Revenue Cutter Service School Established in New Bedford
On this day in 1876, Congress established at New Bedford the first School of Instruction to train officers for the Revenue Service. The Service traced its history back to 1790 when Congress decided it needed to ensure that vessels entering United States ports paid tariffs on their cargo. In other words, they wanted to prevent widespread smuggling. Over the years, the Revenue Service took on additional responsibilities — protecting American ships from pirates, intercepting slavers after the Atlantic slave trade was banned, and assisting vessels in distress. In 1915 it merged with the Life-Saving Service and was renamed the United States Coast Guard. At that point the School of Instruction became the Coast Guard Academy, which has been located in New London, Connecticut, since 1910.
Every graduate of the USCG Academy, the successor to the School of Instruction, spends time training on a sailing vessel.
The men and women who serve in the United States Coast Guard have a remarkable array of responsibilities, from rescuing mariners to intercepting drug smugglers, from inspecting commercial vessels to maintaining navigational systems. This wide range of duties is a direct result of the Coast Guard's history; it includes what were once five distinct federal agencies — the Revenue Cutter Service, the Life-Saving Service, the Lighthouse Service, the Steamboat Inspection Service, and the Bureau of Navigation.
The oldest was the Revenue Cutter Service. Smuggling was widely tolerated in colonial America because it undermined much-hated tariffs imposed by England. Since time immemorial, smuggling has also been highly profitable, an equally attractive incentive. However, once the new Republic was dependent on tariffs it levied on imports, something had to be done to curtail the practice. When the Tariff Act of 1789 failed to bring in the anticipated revenue, Secretary of the Treasury Alexander Hamilton proposed a "system of Revenue Cutters." Congress authorized it on August 4, 1790.
Smuggling was widely tolerated in colonial America because it undermined much-hated tariffs imposed by England.
The government originally ordered ten cutters. The first and largest was the two-masted schooner Massachusetts, built in Newburyport and launched in 1791, giving that city claim to being the birthplace of the Coast Guard. Hamilton counseled the officers of all cutters to patrol with "vigilance and firmness marked with prudence, moderation and good temper." They were not to stay in one spot, but to meet all incoming vessels, inspect them, and escort them to the nearest Customs House.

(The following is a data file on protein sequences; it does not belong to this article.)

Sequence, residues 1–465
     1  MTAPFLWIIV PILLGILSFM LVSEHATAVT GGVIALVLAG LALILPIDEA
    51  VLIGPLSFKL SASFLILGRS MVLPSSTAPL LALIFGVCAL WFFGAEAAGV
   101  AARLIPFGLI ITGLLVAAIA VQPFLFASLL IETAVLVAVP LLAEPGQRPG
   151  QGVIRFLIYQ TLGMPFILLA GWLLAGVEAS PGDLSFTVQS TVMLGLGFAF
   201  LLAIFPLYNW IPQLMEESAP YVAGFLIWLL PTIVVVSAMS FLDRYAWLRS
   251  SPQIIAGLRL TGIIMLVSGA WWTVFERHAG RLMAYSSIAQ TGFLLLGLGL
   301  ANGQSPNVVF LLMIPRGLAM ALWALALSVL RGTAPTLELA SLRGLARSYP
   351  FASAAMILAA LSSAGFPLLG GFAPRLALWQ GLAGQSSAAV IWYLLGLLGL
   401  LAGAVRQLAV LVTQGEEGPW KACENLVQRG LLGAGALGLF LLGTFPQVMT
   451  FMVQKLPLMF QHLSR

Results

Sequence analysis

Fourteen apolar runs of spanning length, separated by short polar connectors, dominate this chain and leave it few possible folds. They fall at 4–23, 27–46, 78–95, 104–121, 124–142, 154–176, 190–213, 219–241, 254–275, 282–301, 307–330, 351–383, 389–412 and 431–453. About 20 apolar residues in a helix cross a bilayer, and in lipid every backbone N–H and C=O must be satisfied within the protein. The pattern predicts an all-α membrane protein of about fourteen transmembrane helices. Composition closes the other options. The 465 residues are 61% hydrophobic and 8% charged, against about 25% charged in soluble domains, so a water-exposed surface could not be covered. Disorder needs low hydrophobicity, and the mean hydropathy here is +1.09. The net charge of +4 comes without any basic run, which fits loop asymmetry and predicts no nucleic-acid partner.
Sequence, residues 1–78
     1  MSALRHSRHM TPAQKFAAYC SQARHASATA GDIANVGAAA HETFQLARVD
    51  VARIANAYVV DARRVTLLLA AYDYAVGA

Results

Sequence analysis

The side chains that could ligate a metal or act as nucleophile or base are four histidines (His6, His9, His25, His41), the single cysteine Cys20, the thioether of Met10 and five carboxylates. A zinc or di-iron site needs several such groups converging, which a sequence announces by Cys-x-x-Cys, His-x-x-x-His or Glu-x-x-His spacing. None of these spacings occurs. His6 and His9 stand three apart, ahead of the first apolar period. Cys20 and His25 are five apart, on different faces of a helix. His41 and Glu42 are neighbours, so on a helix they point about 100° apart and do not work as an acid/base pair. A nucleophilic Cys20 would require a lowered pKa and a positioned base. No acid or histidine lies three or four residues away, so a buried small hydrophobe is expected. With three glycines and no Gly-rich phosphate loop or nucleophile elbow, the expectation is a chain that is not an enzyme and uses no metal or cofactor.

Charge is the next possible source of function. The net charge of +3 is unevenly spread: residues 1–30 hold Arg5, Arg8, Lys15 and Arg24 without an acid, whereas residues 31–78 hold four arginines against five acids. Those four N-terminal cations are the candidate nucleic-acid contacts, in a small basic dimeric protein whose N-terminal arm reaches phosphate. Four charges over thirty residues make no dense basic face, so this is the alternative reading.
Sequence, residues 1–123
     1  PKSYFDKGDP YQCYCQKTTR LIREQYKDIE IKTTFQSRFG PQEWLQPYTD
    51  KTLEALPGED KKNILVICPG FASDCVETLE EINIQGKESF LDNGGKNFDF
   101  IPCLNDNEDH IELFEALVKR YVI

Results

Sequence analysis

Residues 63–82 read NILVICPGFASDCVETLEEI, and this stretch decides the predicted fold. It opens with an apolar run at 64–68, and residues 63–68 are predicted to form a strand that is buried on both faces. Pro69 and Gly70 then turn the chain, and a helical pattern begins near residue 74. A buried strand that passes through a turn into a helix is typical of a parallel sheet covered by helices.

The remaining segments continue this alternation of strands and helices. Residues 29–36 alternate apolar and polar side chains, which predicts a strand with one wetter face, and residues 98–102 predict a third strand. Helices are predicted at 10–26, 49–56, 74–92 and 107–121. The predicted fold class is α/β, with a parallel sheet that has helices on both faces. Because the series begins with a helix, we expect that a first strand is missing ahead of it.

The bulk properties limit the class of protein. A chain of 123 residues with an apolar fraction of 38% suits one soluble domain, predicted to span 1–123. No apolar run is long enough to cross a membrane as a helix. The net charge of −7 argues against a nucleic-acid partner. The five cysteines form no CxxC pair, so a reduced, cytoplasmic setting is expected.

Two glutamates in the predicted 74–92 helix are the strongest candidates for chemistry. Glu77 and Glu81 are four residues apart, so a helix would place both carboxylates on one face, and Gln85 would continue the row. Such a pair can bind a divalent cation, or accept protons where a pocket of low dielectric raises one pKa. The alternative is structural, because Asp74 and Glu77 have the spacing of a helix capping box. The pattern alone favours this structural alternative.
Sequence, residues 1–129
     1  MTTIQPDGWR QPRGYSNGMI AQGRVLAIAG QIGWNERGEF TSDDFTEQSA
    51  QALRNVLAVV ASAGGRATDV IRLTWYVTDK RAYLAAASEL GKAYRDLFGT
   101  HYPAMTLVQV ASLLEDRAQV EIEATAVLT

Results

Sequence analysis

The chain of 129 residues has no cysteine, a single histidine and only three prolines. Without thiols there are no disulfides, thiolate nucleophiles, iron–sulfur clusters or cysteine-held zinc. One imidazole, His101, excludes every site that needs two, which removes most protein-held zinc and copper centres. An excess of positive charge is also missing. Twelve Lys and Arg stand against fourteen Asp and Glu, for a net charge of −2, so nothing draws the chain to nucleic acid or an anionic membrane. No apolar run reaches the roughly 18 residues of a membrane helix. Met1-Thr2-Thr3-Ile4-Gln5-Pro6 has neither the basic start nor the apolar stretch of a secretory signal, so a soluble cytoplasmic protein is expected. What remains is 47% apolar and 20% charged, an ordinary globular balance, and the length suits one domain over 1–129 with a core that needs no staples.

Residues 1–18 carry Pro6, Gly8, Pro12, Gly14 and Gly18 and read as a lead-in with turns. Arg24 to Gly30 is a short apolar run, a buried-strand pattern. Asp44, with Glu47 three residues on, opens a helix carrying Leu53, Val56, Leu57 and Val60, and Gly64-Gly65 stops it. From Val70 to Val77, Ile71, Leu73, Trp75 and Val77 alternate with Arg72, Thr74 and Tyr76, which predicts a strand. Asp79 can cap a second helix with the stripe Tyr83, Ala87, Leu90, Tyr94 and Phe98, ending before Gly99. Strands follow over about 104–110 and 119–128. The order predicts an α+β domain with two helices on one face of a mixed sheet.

In 1797 with British and French privateers harassing American vessels, Congress authorized President John Adams to use Revenue Cutters as a system of "defense against hostilities near the coast," to protect both the coast and incoming commerce. The following year, Congress ordered the Revenue Service to cooperate with the newly established Navy in times of war or when so directed by the President — a mandate that is still in force today.
The first war in which the Revenue Service saw action was the War of 1812. When peace returned, the cutters resumed their regular duties. They also were charged with protecting American ships from pirates and intercepting slave ships. By the outbreak of the Civil War, Revenue Service sailors had boarded dozens of slave vessels and freed almost 500 enslaved Africans.
Hamilton counseled the officers of all cutters to patrol with "vigilance and firmness marked with prudence, moderation and good temper."
The Service acquired another mission in 1831, when Secretary of the Treasury Louis McLane determined that it was "proper to combine with the ordinary duties of the Cutters that of assisting vessels found on the Coast in distress, and of ministering to the wants of their crews."
McLane noted that morale in the Revenue Service was low, in large part because the appointment and promotion of officers involved politics more than merit. He insisted that "vacancies be filled by promotions from among the officers in the service." It would be another 55 years before Congress established the first cadet training program.
In May of 1877 the first nine cadets arrived at the School of Instruction for the Revenue Service in New Bedford to begin their two-year program. Part of their training took place on board the Dobbin, a 94-foot schooner. Thus began a tradition that has continued to the present day. Every graduate of the USCG Academy, the successor to the School of Instruction, spends time training on a sailing vessel.
By the outbreak of the Civil War, Revenue Service sailors had boarded dozens of slave vessels and freed almost 500 enslaved Africans.
Yet another expansion of the Revenue Cutters' duties had taken place in 1867, when the United States acquired Alaska from Russia. Besides identifying sites for new customs houses and "probable haunts for smugglers," the cutter Lincoln was ordered to "make surveys . . . locate fishing banks, inquire into the physical characteristics and resources of coastal areas, and to collect specimens for the Smithsonian Institution."
In 1915 Congress merged the Revenue Service with the Life-Saving Service, which had been rescuing people off vessels in distress close to shore since 1850. The new agency was called the United States Coast Guard. In 1939 the Lighthouse Service was folded into the USCG, and seven years later, so was the Bureau of Marine Inspection and Navigation.
For almost 200 years of its history, the Coast Guard was part of the Treasury Department. In 1967 it was transferred to the Department of Transportation. In 2003 another change took place, when the USCG was transferred to the Department of Homeland Security.
This Mass Moment occurred in the Southeast region of Massachusetts.
The United States Coast Guard: A Pictorial History, by Gene Gurney (Crown Publishers, Inc. 1973).